Human Rights Lawyer Responds To Dethronement Of Emir, Rips Unconstitutionality
By Emmanuel Ogebe
A phone rang in the tiny office in which we were meeting with the president. It was startling as I hadn’t seen a landline in Nigeria in ages besides the ones you see in a hotel room.
From the president’s demeanor and the one sided conversation we could hear, it was clear that something momentous was happening.
I couldn’t wait to exit the villa to find out what part of National history I had unwittingly been privy to from that jangling phone which I now realized was the president’s “Hotline.”
President Jonathan Goodluck quietly acknowledged the intel update from the person on the other end of the line and uttered a few words “that’s between them.”
After our brief meeting, I wanted to dash to my hotel to check out and head back to the USA and of course learn who “them” were that the president was talking about.
Instead I was ushered to the First Lady’s room by my friend and colleague who told me it was mandatory for us to see her. My curiosity would have to wait.
Strangely, the First Lady’s waiting room was more full than the president’s and the wait was longer – even though it was a weekend.
Finally I made an excuse to go and check out and bolted for the airport therefrom. It was then I was finally able to get the real news of what the call was about.
The President was being briefed that there were violent protests in Kano over the installation of Sanusi Lamido who many felt usurped the rightful heir to the emirate.
What I had witnessed was the president refusing to interject federal might into a state’s rights issue.
Later I was to learn that the reason the president could not meet our US delegation the previous night was because he was in a high level meeting where he was under pressure to refuse to allow Sanusi Lamido to become Emir.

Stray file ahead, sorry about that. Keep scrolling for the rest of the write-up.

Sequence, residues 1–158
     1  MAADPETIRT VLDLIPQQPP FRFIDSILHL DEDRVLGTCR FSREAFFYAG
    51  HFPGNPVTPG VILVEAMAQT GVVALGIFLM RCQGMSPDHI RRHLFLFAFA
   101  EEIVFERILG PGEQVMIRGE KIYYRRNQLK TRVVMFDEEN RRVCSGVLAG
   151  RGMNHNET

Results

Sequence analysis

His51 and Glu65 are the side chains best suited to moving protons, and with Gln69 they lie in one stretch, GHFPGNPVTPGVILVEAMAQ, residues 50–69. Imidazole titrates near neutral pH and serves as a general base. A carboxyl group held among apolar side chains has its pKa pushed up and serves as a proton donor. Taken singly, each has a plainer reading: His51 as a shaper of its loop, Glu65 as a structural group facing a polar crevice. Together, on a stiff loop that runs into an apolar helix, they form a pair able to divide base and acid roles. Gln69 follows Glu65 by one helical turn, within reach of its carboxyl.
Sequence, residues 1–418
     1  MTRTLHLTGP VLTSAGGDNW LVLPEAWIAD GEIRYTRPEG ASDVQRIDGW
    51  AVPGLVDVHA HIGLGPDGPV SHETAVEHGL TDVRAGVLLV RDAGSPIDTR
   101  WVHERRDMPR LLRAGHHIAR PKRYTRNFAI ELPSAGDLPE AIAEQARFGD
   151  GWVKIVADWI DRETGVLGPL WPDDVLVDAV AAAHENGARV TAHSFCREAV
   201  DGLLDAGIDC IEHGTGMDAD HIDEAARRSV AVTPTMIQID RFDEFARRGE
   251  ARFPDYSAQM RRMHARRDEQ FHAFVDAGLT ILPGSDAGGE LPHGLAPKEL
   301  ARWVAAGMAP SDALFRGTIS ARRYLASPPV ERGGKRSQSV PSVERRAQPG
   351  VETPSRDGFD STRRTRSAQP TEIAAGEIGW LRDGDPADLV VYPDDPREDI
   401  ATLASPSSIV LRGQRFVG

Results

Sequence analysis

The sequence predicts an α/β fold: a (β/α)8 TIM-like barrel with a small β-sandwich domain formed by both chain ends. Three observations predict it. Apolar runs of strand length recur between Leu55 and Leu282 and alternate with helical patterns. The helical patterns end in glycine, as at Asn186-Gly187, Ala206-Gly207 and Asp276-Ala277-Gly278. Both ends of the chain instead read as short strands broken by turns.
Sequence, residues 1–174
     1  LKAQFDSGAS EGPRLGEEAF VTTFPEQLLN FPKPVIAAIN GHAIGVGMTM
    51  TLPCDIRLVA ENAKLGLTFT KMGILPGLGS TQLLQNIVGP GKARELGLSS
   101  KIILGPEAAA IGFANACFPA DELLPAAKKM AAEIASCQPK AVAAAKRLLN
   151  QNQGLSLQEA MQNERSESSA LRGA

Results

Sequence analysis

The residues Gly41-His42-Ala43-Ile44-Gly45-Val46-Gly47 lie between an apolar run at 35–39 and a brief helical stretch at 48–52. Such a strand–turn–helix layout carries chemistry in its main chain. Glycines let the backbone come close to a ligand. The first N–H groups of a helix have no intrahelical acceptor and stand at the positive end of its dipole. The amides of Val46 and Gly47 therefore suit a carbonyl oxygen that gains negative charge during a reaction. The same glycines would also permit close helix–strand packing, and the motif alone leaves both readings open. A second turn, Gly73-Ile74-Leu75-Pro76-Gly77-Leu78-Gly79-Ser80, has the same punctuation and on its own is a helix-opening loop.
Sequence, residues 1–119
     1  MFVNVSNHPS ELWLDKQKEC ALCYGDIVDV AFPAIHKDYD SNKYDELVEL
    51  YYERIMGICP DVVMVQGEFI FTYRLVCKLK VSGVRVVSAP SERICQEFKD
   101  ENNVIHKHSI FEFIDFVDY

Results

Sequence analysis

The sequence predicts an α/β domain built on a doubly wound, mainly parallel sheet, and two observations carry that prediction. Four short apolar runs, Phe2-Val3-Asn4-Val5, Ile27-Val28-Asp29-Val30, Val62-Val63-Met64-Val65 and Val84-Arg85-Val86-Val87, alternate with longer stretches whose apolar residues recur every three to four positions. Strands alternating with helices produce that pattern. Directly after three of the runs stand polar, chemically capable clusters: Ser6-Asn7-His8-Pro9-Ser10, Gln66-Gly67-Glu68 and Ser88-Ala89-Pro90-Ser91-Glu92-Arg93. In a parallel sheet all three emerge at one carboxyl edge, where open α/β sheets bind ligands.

There were concerns expressed that he would become an untouchable and deadlier critic of the president if he attained that position but President Jonathan refused to meddle with a preemptive strike against Sanusi.
That day, I had two impressions of the president who I was meeting for the first and only time in my life.
First I found him amiable and affable. He had a good sense of humor and was decent company to be with.
However when we withdrew into a closed door meeting to discuss terrorism and my suggestion that the administration do more about victim care, I was frustrated that he seemed somewhat cavalier towards such a serious matter insisting he was more focused on rescuing the Chibok girls.
However he did subsequently establish the Victim Support Fund a month after our meeting – an institution that remains his legacy to date.
Today as I hear that Sanusi has been deposed as Emir under the presidency of Buhari no less, much as I was highly critical of President Goodluck Jonathan even more than of Buhari, I must give him kudos for not thrusting himself into Sanusi’s Emirship matter.
History is slowly vindicating President Jonathan on many fronts in his lifetime. Like biblical David, he had the opportunity to takeout his hunter in the cave but he chose not to soil his hands in blood.